Cummins Jumps on the Hydrogen ICE Bandwagon, It's Getting Serious

Electric vehicles might not be everyone’s darling and in some cases - for instance, it might not be practical to have commercial vehicles and other heavy-duty equipment run on batteries. This leaves the door open for the combustion engine to live longer, but running on hydrogen. With Cummins interested to develop hydrogen-powered internal combustion engines, the quest for a clean combustion engine just got a lot more serious.
Cummins jumps on the hydrogen ICE bandwagon, it's getting serious 6 photos
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Cummins jumps on the hydrogen ICE bandwagon, it's getting seriousCummins jumps on the hydrogen ICE bandwagon, it's getting seriousCummins jumps on the hydrogen ICE bandwagon, it's getting seriousCummins jumps on the hydrogen ICE bandwagon, it's getting seriousCummins jumps on the hydrogen ICE bandwagon, it's getting serious
In case you didn’t know, there is a long battle going on to save the big-oil business model by switching internal combustion engines to burn hydrogen instead of fossil fuels. How does this help the oil companies, you might ask? In two ways. First, they will get to keep most of their existing infrastructure. And, second, most of the hydrogen that is produced today is the result of a power-hungry process that needs fossil fuels mostly.

This battle goes hand in hand with those who believe the internal combustion engine has not yet spoken its last words. One way that promises to make clean combustion engines is to convert them to run on hydrogen. A lot of effort has been put into developing hydrogen-powered ICEs, but we still have to see a single commercial application. It won’t be long though, especially as Cummins joined this effort.

In theory, the internal combustion engines will need only minor modifications to run on hydrogen. This makes them a low-cost solution for heavy-duty applications where battery-electric equipment cannot meet the operational requirements. This goes nicely with the fact these engines work with the same transmissions and the same service networks, basically being a drop-in replacement for diesel engines.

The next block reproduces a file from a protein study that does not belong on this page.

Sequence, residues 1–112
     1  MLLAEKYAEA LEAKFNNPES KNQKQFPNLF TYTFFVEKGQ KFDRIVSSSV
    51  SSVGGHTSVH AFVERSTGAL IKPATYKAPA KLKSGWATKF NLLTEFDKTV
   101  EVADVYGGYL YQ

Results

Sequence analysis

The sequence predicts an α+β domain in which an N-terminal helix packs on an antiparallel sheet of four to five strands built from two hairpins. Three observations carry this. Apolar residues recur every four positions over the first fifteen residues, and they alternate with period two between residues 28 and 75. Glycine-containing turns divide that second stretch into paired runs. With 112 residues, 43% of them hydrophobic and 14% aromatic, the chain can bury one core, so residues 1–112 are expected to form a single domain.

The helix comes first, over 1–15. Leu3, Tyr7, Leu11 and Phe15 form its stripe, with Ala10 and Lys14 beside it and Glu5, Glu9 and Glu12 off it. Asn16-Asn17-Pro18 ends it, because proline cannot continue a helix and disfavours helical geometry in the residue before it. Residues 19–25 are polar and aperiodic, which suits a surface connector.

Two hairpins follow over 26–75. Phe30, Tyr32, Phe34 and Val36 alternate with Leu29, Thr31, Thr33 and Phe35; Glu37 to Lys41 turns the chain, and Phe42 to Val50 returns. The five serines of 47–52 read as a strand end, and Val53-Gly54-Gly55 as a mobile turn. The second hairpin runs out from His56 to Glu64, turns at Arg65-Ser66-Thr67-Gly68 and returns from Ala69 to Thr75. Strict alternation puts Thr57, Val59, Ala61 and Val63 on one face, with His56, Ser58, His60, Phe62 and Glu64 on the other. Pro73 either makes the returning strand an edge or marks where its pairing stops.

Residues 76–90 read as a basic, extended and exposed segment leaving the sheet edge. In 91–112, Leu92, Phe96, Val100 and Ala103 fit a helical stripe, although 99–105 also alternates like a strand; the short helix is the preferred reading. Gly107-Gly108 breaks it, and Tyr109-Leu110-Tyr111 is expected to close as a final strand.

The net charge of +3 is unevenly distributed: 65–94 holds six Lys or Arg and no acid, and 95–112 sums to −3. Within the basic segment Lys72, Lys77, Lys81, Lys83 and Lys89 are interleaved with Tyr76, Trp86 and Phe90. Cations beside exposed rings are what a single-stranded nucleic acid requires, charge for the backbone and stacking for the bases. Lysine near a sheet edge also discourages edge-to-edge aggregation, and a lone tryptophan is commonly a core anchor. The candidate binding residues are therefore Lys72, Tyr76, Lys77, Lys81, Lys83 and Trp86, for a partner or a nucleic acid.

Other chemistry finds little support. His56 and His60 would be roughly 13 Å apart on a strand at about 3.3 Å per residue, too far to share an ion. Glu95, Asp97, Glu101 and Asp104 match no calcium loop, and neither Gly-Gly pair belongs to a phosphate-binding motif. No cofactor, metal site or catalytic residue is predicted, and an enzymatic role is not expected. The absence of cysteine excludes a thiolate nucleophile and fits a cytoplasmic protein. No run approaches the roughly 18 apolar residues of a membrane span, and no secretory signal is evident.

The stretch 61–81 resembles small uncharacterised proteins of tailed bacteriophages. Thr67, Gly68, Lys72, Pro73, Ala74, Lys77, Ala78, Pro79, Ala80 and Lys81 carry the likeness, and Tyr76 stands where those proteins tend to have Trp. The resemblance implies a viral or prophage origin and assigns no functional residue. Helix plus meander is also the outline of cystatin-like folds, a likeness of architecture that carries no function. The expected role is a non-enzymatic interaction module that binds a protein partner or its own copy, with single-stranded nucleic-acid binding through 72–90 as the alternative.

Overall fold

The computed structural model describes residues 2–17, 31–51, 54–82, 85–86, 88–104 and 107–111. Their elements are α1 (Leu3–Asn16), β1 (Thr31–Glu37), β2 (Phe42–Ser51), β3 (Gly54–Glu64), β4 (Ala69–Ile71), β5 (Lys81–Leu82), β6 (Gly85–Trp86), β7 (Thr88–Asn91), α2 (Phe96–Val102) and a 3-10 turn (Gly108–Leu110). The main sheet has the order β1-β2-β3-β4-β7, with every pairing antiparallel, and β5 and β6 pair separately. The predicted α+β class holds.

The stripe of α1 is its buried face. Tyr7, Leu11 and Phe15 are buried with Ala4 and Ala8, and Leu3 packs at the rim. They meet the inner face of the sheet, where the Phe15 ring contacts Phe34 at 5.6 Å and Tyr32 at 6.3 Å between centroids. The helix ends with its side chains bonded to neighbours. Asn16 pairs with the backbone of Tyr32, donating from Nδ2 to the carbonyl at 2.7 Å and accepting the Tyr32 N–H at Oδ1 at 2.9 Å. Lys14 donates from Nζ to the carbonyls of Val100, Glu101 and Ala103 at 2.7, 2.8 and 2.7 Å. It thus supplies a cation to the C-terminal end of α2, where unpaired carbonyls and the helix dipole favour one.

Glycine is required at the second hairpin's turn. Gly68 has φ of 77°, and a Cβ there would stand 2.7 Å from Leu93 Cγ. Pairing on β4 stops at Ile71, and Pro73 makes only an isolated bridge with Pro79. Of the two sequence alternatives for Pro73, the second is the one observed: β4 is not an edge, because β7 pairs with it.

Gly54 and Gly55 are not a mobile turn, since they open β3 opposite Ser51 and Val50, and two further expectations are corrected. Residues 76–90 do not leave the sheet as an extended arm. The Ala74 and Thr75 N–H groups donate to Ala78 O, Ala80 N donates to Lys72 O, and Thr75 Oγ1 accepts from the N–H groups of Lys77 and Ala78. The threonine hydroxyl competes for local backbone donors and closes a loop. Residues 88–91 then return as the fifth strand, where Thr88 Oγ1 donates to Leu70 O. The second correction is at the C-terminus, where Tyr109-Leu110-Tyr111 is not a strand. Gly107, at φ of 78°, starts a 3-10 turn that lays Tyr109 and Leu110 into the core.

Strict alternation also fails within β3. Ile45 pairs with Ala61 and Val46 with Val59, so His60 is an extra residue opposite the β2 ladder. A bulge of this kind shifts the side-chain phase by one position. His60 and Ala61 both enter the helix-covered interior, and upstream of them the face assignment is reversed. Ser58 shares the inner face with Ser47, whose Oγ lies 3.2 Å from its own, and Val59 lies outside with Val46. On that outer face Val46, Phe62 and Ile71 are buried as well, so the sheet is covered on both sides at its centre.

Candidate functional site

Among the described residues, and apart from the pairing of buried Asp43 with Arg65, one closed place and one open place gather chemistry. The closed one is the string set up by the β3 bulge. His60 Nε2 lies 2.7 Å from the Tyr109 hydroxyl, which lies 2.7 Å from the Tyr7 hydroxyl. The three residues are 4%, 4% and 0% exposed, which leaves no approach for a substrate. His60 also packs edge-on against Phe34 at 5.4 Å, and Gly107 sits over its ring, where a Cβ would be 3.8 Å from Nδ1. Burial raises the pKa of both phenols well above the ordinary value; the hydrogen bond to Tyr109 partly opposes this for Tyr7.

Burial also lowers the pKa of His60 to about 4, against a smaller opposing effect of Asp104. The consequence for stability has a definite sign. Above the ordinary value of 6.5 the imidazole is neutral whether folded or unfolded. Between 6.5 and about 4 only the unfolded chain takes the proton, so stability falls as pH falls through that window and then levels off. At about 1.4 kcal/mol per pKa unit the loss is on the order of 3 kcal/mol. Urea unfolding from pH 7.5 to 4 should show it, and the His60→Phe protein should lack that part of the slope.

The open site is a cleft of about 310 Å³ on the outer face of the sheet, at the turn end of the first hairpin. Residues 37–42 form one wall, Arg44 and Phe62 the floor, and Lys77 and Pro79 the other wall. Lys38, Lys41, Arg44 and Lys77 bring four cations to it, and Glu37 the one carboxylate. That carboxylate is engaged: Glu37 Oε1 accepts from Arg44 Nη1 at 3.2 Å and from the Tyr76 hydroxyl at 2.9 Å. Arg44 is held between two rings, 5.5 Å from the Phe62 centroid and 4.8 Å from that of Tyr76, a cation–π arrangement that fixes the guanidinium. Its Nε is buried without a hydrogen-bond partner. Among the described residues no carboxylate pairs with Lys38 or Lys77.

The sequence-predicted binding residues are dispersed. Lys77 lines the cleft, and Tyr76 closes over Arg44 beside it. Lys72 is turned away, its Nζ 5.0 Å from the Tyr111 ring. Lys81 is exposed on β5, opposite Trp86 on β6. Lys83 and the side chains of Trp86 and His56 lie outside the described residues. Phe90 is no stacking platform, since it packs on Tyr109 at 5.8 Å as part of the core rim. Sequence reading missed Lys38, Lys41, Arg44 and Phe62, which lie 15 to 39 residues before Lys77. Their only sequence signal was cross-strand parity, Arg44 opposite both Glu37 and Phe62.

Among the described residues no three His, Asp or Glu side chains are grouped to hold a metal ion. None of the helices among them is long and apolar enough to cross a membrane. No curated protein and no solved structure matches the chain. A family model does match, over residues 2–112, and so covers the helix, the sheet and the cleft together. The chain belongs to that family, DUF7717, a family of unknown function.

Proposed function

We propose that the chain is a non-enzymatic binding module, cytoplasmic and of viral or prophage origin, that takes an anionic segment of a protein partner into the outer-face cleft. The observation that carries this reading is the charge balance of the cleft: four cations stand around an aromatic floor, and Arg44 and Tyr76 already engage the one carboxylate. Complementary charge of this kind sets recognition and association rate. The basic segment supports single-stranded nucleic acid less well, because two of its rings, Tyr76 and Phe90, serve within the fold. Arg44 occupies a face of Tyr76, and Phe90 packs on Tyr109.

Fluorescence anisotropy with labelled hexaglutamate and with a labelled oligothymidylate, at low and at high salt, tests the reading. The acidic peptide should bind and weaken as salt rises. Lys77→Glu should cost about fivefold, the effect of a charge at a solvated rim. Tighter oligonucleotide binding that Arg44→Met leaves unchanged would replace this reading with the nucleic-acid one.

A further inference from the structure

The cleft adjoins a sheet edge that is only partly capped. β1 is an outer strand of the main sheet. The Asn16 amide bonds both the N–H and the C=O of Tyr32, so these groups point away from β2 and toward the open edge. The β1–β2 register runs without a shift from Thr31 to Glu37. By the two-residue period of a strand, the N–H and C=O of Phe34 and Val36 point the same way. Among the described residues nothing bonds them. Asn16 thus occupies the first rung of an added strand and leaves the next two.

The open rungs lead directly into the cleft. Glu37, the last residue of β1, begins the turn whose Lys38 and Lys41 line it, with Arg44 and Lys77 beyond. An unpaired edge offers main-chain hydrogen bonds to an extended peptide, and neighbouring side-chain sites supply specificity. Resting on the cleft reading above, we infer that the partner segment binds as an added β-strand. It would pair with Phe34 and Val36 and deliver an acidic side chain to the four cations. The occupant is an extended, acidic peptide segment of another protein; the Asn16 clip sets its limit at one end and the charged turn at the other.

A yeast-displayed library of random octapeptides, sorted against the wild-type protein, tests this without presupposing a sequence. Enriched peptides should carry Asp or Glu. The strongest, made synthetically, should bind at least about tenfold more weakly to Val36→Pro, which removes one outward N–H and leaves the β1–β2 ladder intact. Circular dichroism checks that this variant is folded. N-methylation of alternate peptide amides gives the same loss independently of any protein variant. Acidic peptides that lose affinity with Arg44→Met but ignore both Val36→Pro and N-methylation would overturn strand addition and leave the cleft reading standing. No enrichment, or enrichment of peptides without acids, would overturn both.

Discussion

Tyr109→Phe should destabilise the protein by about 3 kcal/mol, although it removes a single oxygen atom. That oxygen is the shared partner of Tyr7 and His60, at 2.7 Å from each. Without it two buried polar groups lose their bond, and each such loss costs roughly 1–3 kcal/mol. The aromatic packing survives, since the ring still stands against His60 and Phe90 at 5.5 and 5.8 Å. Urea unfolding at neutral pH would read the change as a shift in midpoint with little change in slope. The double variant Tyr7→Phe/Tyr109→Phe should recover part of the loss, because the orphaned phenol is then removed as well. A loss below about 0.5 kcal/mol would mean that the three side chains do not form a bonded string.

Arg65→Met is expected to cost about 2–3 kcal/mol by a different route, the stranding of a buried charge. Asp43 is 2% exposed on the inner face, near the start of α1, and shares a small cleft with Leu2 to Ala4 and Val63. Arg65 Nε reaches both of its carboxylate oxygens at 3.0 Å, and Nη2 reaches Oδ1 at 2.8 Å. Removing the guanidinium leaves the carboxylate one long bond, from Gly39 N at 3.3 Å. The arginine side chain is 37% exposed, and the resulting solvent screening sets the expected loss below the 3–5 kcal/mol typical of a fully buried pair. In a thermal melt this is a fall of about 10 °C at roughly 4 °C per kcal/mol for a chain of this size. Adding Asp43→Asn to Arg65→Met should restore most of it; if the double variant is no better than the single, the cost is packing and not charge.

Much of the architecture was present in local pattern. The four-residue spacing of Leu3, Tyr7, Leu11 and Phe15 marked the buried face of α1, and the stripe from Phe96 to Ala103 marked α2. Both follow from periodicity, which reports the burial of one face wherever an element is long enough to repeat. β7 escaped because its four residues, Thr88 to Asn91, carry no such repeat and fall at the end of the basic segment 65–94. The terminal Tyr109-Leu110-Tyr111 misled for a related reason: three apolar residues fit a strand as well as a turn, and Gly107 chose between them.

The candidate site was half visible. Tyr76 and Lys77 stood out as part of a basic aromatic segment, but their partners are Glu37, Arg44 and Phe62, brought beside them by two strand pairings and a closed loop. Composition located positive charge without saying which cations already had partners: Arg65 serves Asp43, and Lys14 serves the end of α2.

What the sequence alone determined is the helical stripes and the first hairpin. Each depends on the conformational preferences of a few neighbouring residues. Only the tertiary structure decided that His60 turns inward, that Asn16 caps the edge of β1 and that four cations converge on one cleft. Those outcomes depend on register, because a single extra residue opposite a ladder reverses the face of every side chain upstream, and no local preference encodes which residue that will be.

Cummins believes their experience in developing ignition engines will prove crucial in the hydrogen ICE race. For instance, hydrogen engines need a dedicated platform to address the inherent problems like performance limitations and other compromises associated with converting today's diesel or natural gas engines to run on hydrogen. Cummins designed an optimized combustion chamber for fuel mixing, charge motion, and turbulence generation in the engine. This is critical for fast hydrogen combustion to maximize power density and efficiency.

It’s important to learn that hydrogen only solves the CO2 problem, while all others are still to be addressed. Burning needs air, and air contains nitrogen so burning will result in NOx emissions that are harmful to human beings. Besides, the hydrogen engines still need lubrication. Part of that oil gets also burnt in the combustion chambers, resulting in more harmful emissions. You see how there is no true clean combustion engine. But hopefully, the hydrogen will provide a transition path that is less abrupt than the sudden switch to electricity.
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About the author: Cristian Agatie
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After his childhood dream of becoming a "tractor operator" didn't pan out, Cristian turned to journalism, first in print and later moving to online media. His top interests are electric vehicles and new energy solutions.
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